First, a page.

Ghana Trade Union Congress (TUC) has urged government to expedite action on ratification of the International Labour Organisation (ILO) Convention 190 on violence and harassment in the world of work.
The Convention (C190)) seeks to tackle elimination of violence and harassment at workplaces, and its affirmation by member states would help provide and sustain a work culture based on mutual respect and dignity.
Ms Naomi Naadu Lartey, the Head of Legal Department Unit of TUC, made the call in Accra at the 6th National Women's Conference of Mineworkers' Women Union, therefore urged Government to expedite action on the ratification to protect workers and employees, irrespective of their contractual status.
The convention targets persons in training, interns and apprentices, workers whose employment has been terminated, volunteers, job seekers and job applicants.
The new C190 and accompanying recommendation (206) to combat "violence and harassment" in work settings was adopted by the International Labour Conference at its 108th session, held from 10th to 21st June, 2019.
It is defined as behaviours, practices or threats that aim at, result in, or are likely to result in physical, psychological, sexual or economic harm.
According to the convention, Violence and harassment at workplaces, "can constitute a human rights violation or abuse" and considered as a threat to equal opportunities, unacceptable and incompatible with decent work.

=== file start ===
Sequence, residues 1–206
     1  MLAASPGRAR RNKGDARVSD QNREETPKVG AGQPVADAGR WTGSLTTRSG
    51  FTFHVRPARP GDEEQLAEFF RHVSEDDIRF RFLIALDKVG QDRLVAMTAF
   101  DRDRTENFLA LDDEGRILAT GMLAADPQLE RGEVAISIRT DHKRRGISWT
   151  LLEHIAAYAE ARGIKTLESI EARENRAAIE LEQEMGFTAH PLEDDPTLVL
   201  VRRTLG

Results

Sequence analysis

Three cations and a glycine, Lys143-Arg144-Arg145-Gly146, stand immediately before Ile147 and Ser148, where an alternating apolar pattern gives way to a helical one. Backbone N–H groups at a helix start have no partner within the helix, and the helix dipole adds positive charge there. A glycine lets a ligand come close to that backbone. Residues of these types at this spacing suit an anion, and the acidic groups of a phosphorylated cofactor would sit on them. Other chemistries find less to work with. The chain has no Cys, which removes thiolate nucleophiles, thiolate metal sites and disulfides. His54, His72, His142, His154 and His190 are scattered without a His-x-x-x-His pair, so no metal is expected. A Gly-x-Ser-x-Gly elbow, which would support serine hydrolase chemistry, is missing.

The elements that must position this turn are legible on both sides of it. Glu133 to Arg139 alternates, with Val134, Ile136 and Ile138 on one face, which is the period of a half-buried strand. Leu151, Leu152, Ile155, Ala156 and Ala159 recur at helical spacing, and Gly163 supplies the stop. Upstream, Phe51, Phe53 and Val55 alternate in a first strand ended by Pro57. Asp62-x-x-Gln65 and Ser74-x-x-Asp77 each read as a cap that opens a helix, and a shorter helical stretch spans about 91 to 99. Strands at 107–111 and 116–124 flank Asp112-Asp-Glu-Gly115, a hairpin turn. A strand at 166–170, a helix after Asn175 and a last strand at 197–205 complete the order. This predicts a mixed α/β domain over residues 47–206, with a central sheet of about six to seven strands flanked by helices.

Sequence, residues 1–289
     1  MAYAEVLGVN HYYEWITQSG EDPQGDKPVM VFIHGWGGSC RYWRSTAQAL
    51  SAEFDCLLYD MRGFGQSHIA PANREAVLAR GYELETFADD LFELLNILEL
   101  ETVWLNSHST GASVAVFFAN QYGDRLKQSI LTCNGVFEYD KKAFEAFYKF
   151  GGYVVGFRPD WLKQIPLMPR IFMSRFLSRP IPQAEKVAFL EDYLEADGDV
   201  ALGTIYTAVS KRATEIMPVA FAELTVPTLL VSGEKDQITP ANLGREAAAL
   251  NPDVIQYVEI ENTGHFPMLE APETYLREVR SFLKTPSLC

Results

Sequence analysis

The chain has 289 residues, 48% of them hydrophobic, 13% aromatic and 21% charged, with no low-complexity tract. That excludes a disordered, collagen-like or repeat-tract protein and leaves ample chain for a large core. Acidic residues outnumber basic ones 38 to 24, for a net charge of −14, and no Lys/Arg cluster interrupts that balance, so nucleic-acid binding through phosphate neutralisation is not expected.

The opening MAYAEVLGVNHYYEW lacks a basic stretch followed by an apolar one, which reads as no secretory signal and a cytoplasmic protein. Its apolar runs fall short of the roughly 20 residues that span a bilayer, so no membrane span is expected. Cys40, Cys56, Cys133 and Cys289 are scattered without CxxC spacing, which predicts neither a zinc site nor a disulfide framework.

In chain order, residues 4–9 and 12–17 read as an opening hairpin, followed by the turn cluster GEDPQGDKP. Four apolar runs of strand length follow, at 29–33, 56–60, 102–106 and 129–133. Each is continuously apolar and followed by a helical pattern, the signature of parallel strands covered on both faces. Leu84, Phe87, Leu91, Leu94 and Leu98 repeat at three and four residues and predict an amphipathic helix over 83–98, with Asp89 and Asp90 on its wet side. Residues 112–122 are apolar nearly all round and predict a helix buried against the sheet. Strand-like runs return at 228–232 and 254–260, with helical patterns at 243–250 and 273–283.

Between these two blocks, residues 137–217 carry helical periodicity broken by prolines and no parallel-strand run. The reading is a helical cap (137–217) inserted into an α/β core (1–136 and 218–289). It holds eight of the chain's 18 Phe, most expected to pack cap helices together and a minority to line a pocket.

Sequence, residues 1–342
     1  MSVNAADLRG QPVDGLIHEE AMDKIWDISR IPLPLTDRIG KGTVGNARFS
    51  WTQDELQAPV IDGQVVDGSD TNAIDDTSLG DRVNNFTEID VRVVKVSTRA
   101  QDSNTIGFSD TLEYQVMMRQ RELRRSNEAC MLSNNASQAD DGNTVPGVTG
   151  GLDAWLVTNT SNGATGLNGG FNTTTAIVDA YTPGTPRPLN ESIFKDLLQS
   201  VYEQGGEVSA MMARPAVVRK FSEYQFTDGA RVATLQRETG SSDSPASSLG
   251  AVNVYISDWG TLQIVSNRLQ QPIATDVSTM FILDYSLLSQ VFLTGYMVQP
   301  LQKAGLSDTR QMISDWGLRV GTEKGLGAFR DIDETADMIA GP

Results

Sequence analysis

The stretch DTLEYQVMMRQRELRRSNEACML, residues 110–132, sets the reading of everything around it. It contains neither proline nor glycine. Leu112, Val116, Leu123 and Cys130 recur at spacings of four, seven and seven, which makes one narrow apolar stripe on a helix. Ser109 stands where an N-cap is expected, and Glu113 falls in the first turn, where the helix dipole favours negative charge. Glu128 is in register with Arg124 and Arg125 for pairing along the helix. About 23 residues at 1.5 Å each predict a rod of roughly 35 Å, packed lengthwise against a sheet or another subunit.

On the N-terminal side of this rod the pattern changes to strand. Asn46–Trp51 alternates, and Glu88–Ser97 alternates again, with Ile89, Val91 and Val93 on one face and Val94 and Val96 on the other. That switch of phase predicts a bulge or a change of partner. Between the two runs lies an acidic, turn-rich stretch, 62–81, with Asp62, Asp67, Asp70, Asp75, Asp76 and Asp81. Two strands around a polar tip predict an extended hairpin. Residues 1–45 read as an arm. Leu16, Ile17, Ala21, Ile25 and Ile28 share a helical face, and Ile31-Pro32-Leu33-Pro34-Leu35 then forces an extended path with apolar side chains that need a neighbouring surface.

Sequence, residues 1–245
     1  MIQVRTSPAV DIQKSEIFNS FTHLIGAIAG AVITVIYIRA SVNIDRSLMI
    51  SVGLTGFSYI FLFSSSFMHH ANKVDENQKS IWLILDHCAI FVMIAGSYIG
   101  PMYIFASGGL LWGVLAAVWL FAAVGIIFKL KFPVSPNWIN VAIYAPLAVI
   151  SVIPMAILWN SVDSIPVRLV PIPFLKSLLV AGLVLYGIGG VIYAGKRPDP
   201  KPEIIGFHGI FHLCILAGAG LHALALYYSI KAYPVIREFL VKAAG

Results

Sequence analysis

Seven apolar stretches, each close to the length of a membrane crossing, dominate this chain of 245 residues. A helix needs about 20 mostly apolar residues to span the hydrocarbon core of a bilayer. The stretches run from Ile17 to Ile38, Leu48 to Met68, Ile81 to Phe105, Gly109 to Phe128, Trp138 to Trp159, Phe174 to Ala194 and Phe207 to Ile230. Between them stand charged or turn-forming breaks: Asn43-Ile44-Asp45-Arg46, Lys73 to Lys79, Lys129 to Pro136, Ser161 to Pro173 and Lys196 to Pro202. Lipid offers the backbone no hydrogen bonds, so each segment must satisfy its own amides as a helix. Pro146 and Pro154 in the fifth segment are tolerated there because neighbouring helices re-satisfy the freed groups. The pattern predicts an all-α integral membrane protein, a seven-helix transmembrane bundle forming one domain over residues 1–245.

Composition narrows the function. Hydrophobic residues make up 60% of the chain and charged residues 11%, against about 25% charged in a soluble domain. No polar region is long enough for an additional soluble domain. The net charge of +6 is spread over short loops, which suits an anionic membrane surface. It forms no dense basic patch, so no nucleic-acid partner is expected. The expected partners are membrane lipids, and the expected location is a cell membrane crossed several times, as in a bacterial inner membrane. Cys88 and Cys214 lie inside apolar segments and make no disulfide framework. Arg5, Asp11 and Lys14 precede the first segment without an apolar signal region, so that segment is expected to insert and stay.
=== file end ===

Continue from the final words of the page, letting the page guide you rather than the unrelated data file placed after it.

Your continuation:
Member states are reminded of their responsibility to promote a general environment of zero tolerance.
Violence and sexual harassment had been the order of the day in workplaces, homes and other places especially for women, affecting their confidence and image, Ms Lartey said.
Therefore, she said it was imperative for all to support the call in the ratification in order to fight discrimination and inequality.
Workplace risk assessment as set out in the Convention, could help change attitudes towards gender-based violence and harassment, she added and called on Ghanaians to actively campaign for the ratification of the convention.
Commenting on the conference theme: "Women Maximizing Opportunities," Mr William Ankrah, the General Secretary of Ghana Mineworkers' Union, said the Union had over the years opened up many opportunities to women.
He said it was done through deliberate constitutional reforms, he added, and would continue it to enhance holistic development.
Ghana had recently witnessed several top corporate positions occupied by women at MTN, Vodafone, Barclays, and Nestle and in the academia where Professor Jane Naana Jane Opoku-Agyemang became the first female Vice Chancellor of the University of Cape Coast.
Mrs Theresa Obosu, Chairperson of National Women's Committee of Ghana Mineworkers' Union, encouraged women to take advantage of the emerging world order to upgrade their knowledge and become competitive in the market.
She also urged women to report any acts of sexual harassment to authorities for the necessary action.